by Shristi Kafle
Kathmandu: The arrival section of Nepals Tribhuvan International Airport was as busy as usual on Tuesday afternoon, but when the large LED screen in the waiting lounge displayed a message about the arrival of a Qatar Airways flight, a few faces went from red, to expressionless.
Tourists lugging heavy suitcases through the arrivals section went on for an hour or so, most with smiles on their faces as their adventures in this small mountainous country were about to begin, but after a lull in passenger traffic, a large, maroon-colored box was being transported on two carts, pushed by two men.
The eyes on the expressionless faces were now glued to this box, yet far from being expressionless, tears began to flow as the reality of their loved one returning home in a coffin began to sink in.
The body of 29-year-old Yogesh Khatiwada, the youngest son of the Khatiwada family from the eastern Terai district Sunsari, lay lifeless inside the maroon coffin.
The last time I was here was to say goodbye to Yogesh with tears of joy, as he was leaving Nepal for a new chapter in his life, Naresh Khatiwada, brother of Yogesh, told Xinhua. Now, Im welcoming him home with tears of pain and sorrow.
Naresh landed in the capital city from Qatar the previous night to receive his brothers body and to console his elderly bereaved parents. Nikesh, the eldest of the family, also works in the United Arab Emirates as a migrant worker.
Yogesh was a migrant worker in Saudi Arabia for the last six years to make money to send home to his family here. Having worked his way up the ladder, Yogesh finally managed to find a job in a hotel and secured a senior post at the hotel in Dammam city.
With the help of colleagues and his company, he was admitted to the Jubali General Hospital on October 27 after his health deteriorated. The next morning, he was pronounced dead by the hospital and his company and the Embassy of Nepal in Saudi Arabia began procedures to have his body repatriated.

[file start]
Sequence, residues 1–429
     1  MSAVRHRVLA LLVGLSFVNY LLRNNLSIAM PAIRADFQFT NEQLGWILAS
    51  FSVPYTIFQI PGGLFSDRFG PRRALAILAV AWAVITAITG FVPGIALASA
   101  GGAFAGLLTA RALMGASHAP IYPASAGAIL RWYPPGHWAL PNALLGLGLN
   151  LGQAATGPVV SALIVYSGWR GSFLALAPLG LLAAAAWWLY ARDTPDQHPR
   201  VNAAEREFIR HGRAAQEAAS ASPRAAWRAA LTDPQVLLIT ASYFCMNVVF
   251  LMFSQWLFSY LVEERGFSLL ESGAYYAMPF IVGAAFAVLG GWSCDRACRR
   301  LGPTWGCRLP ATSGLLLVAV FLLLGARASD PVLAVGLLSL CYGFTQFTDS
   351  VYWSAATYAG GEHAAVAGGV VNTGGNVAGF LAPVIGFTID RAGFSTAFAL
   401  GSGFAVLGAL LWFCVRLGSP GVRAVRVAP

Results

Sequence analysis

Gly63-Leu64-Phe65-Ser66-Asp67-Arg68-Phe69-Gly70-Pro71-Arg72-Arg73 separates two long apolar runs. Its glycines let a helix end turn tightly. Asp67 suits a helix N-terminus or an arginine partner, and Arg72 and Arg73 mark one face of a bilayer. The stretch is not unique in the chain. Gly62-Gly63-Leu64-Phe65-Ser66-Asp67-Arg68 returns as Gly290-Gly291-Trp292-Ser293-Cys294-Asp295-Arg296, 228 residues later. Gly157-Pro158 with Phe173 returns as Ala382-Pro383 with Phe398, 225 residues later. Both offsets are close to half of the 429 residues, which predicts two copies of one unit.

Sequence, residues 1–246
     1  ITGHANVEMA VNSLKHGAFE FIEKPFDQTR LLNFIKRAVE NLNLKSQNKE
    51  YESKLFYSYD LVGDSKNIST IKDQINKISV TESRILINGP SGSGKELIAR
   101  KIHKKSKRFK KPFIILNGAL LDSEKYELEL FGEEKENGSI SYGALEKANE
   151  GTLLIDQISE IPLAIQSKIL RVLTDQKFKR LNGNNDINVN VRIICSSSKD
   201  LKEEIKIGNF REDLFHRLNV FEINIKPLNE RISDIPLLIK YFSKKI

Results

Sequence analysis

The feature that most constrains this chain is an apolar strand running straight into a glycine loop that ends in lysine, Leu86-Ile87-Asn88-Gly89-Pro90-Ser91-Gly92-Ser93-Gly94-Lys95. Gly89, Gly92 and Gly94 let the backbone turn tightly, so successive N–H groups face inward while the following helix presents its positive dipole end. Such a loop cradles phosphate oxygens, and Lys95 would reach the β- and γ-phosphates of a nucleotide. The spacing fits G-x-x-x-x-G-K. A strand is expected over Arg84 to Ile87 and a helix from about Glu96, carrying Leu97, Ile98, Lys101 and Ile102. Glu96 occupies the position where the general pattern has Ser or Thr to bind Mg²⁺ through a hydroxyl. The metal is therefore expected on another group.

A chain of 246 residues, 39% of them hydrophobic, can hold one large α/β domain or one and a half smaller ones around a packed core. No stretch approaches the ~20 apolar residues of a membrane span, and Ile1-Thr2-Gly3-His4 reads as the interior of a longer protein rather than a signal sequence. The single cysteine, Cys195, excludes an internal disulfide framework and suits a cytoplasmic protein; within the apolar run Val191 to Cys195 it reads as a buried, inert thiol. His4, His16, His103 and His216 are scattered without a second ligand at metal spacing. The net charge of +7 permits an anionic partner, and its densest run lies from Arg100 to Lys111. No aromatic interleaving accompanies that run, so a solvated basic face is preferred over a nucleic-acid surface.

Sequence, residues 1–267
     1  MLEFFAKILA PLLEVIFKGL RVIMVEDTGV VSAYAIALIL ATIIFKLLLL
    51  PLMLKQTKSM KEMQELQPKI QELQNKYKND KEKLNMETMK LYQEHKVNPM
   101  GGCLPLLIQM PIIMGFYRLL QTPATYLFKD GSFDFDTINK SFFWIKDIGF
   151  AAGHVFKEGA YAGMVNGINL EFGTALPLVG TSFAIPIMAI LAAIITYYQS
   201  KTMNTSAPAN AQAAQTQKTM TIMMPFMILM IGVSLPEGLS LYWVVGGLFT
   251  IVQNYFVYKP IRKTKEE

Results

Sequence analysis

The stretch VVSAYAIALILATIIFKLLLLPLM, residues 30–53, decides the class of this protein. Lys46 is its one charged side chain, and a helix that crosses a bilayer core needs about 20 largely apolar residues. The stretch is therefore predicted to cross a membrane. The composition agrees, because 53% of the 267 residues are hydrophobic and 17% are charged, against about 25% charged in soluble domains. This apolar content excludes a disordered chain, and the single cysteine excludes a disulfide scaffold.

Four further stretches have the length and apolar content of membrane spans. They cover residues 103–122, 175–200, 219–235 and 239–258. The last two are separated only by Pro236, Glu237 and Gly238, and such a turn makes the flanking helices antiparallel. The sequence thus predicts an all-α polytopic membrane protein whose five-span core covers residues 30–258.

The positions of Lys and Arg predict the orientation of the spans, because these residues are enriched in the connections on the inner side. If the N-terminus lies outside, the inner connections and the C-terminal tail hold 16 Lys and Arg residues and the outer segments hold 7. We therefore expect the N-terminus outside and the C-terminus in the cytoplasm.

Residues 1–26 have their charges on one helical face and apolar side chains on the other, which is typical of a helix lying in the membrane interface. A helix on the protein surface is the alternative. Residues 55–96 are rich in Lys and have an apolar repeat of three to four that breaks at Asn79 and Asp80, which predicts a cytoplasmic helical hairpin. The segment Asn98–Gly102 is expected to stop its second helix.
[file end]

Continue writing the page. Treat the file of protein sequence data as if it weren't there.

On the coroners report issued by the hospital, the cause of death was listed as cardiopulmonary arrest due to pancreatitis, septic shock, respiration distress syndrome and dysfunction of the kidneys.
His family, on hearing the cause of Yogeshs death, were utterly surprised, as never before had Yogesh had health issues, let alone ones this severe. He had consistently sent money back to his family for six years, although his family did note that he had not been as communicative as usual recently, which did lead them to worry.
Bikal Paudel, a close friend of Yogesh from his hometown, who sorted out the administration for receiving Yogeshs body, told Xinhua, I approached the company that had recruited Yogesh, but they said Yogesh had already changed companies. Due to this, we couldnt get any assistance from them, or any government agencies.
According to the Ministry of Labor and Employment, a victims family is supposed to receive support of Rs 300,000 (about 3,000 U.S. dollars) if the deceased worker had received an official work permit and was working for the assigned organization within the contract period. However, the support does not apply to those who have changed work places and have already worked for more than 3 years.
Furthermore, insurance companies do not compensate the families of dead workers without death certificates clearly stating the cause of death.